Deficit FCY Borrowing Could Expose FG to High FX Risk -Coronation

Deficit: FCY Borrowings Could Expose FG to High FX Risk -Coronation

Plan to deploy foreign currency (FCY) borrowings could expose the Federal Government to a high level of exchange risk, Coronation Research said in a report.

Budget 2021 details showed Nigeria plans to close deficit of N5.62 trillion with both local and foreign borrowings.

Despite low interest rate environment, the Budget document indicated FG plan to part-finance total deficit with local and foreign borrowing at the ratio of 50:50.

Analysts at WSTC Securities Limited estimated total foreign financial of more than $6 billion, if implemented.

In its report for this week, Coronation Merchant Bank expressed fear the move to substantially finance deficit with dollar would expose it to a high level of foreign exchange risk.

The research segment of the Merchant bank said in a report where it appraised the government plan towards budget deficit financing in 2021.

The firm in the report asks what will be the Federal Government of Nigeria’s (FGN) next move when it comes to financing its deficit.

In explaining its position, Coronation Research said movements in the foreign exchange and open market operation (OMO) markets last week prompted market comment that Nigeria is courting foreign portfolio investment (FPI) to participate in Naira instruments.

It added that this may be true, but position that today’s market conditions suggest the Eurobond market, where conditions are good, in our view.

The firm said over the weekend Bloomberg featured a discussion about the rates of a recent series of CBN open market operation (OMO) bills, which exceeded 10.0% at one year duration.

“This, it was argued, could pave the way for an adjustment in the Naira/US dollar exchange rate which would, in turn, encourage foreign investors to purchase OMO bills again”, it stated.

The report added that sales of OMO bills to foreign investors has been a key part of public sector financing in recent years.

“Our issue with this line of reasoning is that foreign portfolio investment (FPI) depends on liquidity, as well as attractive interest rates and a solid exchange rate”, Coronation stated.

The firm noted that typically, a foreign investor’s purchase of OMO bills is backed with a purchase of non-deliverable forwards (NDF) for which the investor is paid back in Naira.

It also note that the conversion back into US dollars depends on foreign exchange liquidity and this, which in its view, is difficult to fix.

“It is not impossible to fix it but for the time being we think that issuing Eurobonds would be the better way of using foreign investors to finance the public sector”, Coronation added.

The firm hinted that it would help if an exchange rate adjustment convinced the markets that a period of exchange rate stability lies ahead.

Coronation recalled that an argument against the Federal Government of Nigerian issuing Eurobonds, until recently, was that their yields were higher, in US dollars, than those of FGN bonds in Naira.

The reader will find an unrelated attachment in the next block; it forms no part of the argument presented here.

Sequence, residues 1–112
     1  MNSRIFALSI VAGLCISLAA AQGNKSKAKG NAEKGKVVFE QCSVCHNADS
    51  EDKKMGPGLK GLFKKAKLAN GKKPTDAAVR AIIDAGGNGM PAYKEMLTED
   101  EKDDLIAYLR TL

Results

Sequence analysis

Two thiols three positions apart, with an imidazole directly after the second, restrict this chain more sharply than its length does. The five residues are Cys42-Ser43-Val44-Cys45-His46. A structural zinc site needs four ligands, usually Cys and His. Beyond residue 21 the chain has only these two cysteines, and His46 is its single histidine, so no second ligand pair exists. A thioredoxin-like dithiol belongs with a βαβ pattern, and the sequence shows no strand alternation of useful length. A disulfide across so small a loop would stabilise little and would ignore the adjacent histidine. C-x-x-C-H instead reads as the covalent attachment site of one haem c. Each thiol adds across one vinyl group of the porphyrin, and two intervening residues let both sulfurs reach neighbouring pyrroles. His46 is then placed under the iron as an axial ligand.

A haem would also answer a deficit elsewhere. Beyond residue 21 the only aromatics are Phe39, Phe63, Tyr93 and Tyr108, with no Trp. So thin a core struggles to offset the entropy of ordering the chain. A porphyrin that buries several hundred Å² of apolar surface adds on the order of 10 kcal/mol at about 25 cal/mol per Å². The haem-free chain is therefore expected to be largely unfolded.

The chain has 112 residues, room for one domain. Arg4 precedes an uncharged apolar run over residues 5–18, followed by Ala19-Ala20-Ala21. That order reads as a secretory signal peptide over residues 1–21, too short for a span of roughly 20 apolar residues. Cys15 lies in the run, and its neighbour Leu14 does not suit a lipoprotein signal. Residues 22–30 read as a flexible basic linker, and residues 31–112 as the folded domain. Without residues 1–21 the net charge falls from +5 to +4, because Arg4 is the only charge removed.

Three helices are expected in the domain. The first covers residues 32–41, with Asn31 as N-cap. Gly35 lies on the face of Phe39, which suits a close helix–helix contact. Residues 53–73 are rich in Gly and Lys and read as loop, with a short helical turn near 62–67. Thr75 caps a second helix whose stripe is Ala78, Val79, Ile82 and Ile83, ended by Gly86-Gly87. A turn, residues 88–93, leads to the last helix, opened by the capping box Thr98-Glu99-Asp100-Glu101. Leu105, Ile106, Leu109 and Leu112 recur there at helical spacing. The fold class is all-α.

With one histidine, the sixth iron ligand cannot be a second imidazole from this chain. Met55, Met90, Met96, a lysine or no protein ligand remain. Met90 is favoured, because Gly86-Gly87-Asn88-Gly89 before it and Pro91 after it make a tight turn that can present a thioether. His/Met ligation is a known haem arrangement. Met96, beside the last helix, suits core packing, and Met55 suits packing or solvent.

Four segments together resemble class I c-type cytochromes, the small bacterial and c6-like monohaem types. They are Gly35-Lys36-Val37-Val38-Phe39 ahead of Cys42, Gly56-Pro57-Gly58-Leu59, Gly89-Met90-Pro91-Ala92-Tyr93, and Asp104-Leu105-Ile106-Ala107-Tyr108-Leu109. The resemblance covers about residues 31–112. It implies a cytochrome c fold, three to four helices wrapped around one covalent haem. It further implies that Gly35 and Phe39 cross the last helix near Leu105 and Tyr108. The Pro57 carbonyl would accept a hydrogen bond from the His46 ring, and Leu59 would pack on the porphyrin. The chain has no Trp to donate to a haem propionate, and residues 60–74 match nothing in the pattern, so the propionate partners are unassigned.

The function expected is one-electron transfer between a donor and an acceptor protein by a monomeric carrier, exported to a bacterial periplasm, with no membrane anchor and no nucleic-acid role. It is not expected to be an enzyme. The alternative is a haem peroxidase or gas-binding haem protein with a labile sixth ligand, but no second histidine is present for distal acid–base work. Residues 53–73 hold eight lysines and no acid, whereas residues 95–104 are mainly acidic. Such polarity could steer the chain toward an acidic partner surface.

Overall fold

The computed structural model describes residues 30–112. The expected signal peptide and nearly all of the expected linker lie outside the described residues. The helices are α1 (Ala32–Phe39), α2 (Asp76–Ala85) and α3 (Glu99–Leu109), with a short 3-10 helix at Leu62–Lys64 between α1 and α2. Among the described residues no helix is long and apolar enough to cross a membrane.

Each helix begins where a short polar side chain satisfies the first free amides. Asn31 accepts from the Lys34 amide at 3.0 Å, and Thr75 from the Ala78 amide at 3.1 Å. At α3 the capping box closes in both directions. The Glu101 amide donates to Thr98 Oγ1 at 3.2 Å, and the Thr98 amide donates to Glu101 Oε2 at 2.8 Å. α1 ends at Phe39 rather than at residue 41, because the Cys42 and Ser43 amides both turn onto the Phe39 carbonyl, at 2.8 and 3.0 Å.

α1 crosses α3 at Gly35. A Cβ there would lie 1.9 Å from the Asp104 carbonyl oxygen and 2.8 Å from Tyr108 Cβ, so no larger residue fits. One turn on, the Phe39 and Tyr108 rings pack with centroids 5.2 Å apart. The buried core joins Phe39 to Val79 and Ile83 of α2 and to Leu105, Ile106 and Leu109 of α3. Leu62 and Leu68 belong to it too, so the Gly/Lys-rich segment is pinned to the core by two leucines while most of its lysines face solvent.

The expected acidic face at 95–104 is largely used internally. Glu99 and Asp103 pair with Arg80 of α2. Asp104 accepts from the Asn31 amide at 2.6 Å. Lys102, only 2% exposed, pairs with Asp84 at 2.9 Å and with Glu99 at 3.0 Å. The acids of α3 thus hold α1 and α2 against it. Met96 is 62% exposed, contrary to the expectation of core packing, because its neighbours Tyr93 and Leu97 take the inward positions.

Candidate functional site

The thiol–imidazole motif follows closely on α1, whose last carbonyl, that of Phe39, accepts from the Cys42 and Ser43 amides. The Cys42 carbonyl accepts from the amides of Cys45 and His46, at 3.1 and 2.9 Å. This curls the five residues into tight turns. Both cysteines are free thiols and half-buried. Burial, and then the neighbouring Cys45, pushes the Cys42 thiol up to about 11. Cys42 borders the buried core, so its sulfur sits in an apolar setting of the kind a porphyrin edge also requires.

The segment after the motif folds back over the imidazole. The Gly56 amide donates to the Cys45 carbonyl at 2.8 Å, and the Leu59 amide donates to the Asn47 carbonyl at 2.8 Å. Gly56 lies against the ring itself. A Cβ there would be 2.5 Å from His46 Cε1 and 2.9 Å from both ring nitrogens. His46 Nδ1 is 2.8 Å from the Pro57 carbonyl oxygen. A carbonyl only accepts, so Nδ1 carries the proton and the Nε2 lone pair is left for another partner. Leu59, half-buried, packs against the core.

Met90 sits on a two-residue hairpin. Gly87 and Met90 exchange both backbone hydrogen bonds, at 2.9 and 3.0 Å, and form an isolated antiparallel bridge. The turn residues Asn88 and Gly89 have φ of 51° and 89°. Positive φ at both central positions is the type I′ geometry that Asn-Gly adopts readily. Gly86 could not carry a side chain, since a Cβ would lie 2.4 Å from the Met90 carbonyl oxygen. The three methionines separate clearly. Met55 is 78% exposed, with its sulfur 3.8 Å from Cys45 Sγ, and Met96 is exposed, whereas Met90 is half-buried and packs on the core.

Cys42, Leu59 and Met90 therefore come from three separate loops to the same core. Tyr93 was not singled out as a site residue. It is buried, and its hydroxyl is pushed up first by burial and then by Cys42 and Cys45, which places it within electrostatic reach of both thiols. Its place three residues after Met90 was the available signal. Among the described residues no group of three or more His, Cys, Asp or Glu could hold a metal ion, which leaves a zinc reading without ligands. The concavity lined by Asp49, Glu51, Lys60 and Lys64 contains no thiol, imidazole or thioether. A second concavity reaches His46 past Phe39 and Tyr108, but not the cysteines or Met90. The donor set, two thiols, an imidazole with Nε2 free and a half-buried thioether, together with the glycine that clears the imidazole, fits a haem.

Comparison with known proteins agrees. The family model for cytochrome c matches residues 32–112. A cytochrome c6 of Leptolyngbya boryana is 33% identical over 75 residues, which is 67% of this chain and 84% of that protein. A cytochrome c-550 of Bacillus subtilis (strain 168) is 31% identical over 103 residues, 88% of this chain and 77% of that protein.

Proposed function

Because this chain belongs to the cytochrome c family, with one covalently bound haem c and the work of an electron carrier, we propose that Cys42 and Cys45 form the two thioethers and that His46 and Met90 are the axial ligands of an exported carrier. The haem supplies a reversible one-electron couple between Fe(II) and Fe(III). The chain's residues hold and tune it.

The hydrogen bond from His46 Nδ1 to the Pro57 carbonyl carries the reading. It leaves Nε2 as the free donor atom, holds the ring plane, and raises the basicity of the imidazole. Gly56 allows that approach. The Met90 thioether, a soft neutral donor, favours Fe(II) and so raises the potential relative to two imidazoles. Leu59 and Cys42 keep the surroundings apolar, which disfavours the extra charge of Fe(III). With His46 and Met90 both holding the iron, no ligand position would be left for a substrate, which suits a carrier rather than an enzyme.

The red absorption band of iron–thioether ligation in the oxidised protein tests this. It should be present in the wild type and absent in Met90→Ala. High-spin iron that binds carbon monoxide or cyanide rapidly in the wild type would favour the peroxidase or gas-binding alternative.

It said this was true up until December 2020, but since then yields of FGN Naira-denominated bond have risen sharply, so the interest cost of issuing US dollars is now lower than Naira.

“Exact comparisons between durations are difficult but the following may serve as a guide: a 5-yr FGN US$ Eurobond yields 3.97% while a 5-yr FGN Naira bond yields 7.49%; a 12- year FGN US$ Eurobond yields 4.88% while a 10-yr FGN Naira bond yields 8.73%”.

However, Coronation maintained that for the FGN to fund its deficit substantially in US dollars would expose it to a high level of foreign exchange risk.

FX Inflow into Investors/Exporters Window Plunged 47%

“As a rule, it is best for countries to borrow in their own currencies unless for the purpose of diversification”, the firm added.

As a result of adhering to this maxim the outstanding face value of FGN public debt in US dollars is small in comparison with what it owes in Naira.

At the end of last week, it was noted the total face value of FGN T-bills was N2,207 billion and the total face value of FGN bonds was N10,883 billion.

“The total face value of FGN Eurobonds was US$10,668 million”.

Using an exchange rate of N395.9/US$1, Coronation said the face value of the FGN’s Naira public debt to its US dollar public debt stood at a ratio of 3:1.

It recognised Nigeria was widely judged to have missed the boat this time last year when it was slow to come to the market with a Eurobond issue.

The report reads that in the first months of 2020 Ghana and Gabon issued a total of US$3.0bn in Eurobonds between them before Nigeria could get to the market.

“Nigeria has been absent from the new issue market for over two years, and we believe a sale would be welcomed now”.

Coronation said all this is good news for investors in FGN Eurobonds.

Nigerian Eurobonds not over-supplied and the country has a good track record in paying back both interest and principal, the firm added.

In January, for example, the report stated that Nigeria paid back the principal of a US$500 million Eurobond.

It noted the so-called global hunt for yield keeps investor interest high, with Nigeria’s yields trending down over recent months.

Those investors tolerating high-risk and high-yield issuers when interest rates in developed markets are extremely low.

Deficit: FCY Borrowings Could Expose FG to High FX Risk -Coronation